Ok, wait a second here...

Nowadays there is a well established convention as to how to refer to feedback and feedforward coefficients in IIR filters indeed. The vast majority of DSP literature uses 'b' for feedforward and 'a' for feedback.
Julius O. Smith follows the same convention as many other widespread references do (Matlab, Oppenheim-Schafer, etc...)

So, Ernest has not gone insane...

For example, here is an article by Christopher Dobrian where the author has to specifically change this convention in order to be consistent with Max/MSP.
(He explicitly acknowledges it in the article)
https://dobrian.github.io/cmp/topics/filters/filterequation.html

So there is a well established convention and there is no good reason for Max/MSP to reverse it.
Having said this, it is just a convention after all so it's no big deal. However I feel it would be less confusing for everyone if Max/MSP would also follow suit.

Isabel Kaspriskie

3月 23 2021 | 2:59 午後

@Ernest

In the diagram there, the feedback coefficients are multiplying samples from the y[n] signal (which are the output of the system) and the feedforward coefficients are multiplying samples from the x[n] signal (which are the input of the system). Perhaps the confusion is in the fact that the diagram has the input and output signals lying in parallel to each other. If you rotate the diagram counter-clockwise and look at the place where values are summed, it may be more visually obvious that the feedback is going "backwards" and the feedforward is going "forwards."

@Luigi

The reason I'm being careful to mention that there's no accepted convention is that people can get a little heated about which is the right way. While not a rigorous statistical survey of convention, Nigel Redmon's post on EarLevel Engineering seems to suggest it's not quite fair to say there's a well established choice. As you mention, it's no big deal, but I thought it was worth clarifying why I'm being careful about it. :) https://www.earlevel.com/main/2017/01/04/about-coefficient-conventions/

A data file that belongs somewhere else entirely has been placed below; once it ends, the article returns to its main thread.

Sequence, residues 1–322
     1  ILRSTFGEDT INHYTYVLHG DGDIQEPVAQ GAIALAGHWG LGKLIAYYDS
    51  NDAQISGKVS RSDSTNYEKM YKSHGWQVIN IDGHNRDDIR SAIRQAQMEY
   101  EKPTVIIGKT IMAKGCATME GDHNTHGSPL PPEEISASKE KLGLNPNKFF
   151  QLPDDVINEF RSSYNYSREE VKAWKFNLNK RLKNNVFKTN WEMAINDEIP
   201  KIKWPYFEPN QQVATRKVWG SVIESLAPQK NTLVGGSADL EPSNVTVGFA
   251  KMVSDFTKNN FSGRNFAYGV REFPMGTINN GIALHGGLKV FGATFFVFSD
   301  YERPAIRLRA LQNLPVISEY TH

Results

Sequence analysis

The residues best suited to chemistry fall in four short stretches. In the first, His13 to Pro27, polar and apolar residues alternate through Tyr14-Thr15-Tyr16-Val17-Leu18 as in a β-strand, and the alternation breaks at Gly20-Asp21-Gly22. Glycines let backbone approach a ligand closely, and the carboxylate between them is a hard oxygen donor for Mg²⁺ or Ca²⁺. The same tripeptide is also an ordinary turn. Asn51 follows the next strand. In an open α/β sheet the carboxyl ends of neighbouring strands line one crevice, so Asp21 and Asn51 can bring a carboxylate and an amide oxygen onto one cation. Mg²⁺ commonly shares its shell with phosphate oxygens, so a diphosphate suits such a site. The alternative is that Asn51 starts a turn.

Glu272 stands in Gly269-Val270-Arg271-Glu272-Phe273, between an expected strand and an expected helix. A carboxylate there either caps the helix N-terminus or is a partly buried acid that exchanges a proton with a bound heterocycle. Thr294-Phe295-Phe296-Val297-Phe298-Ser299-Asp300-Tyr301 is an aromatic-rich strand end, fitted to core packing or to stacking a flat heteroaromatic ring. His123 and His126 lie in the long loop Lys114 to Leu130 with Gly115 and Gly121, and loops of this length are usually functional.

Ernest

3月 23 2021 | 3:54 午後

Are the output samples denoted as moving in the oppoisite direction as the input samples, because otherwise it still looks to me like the feedback is actually feedforward with a two cycle delay. Maybe its the direction of the arrows of something. Its true this is not the depiction I am used to seeing in DSP, which is that a plus circle or minus circle only normally has multiple inputs and one output by the conventions I know, but theres this floating multplication sign with no arrows attached to it, so maybe the style of representation has changed.

Ernest

3月 23 2021 | 4:25 午後

Well I am not heated by it lol. It appears I am past it though. I do remember debates on how to draw DSP diagrams a decade ago when computer flow simulation first started, but I thought they had all been decided now. Im just too old lol, and one reaches a certain point where things change too much to make sense any more.

There was a time when breaking into the capitol building with threats to kill the vice president would have been regarded something the president should try to stop while its happening. Apparently not any more. Its all beyond me lol. All I can think any more is, as protecting the Vice President from active attacks on his life is not part of the President's responsibility to protect the nation, then any explanation at all can now be considered reasonable, up to and including excuses for ending the world. Im just going to stick to hospital beds until either the world or me is over. Best wishes.

Roman Thilenius

3月 24 2021 | 2:23 午前

as usual, the (undocumented) unconventional design of some max objects - here biquad - does not really help to understand things.

but there is no solution for that: you cant change an object´s inlet which is in use by 100,000+ people for some 25 years.

it reminds me on the situation of my analog mixing desk, where L and R to the computers main output has been switched, so that i had to switch the L and R speaker cables.
and when i now try to test a 4-channels crossfader with a second pair of speakers, my L and R from max/msp to the second speaker set is always wrong, and it remains wrong even if you switch the speaker cables, though that can´t be.

and who does not know them, these MSP objects which keep playing audio to the dac~ even after you disconnected them and even after you closed and reopened the patch.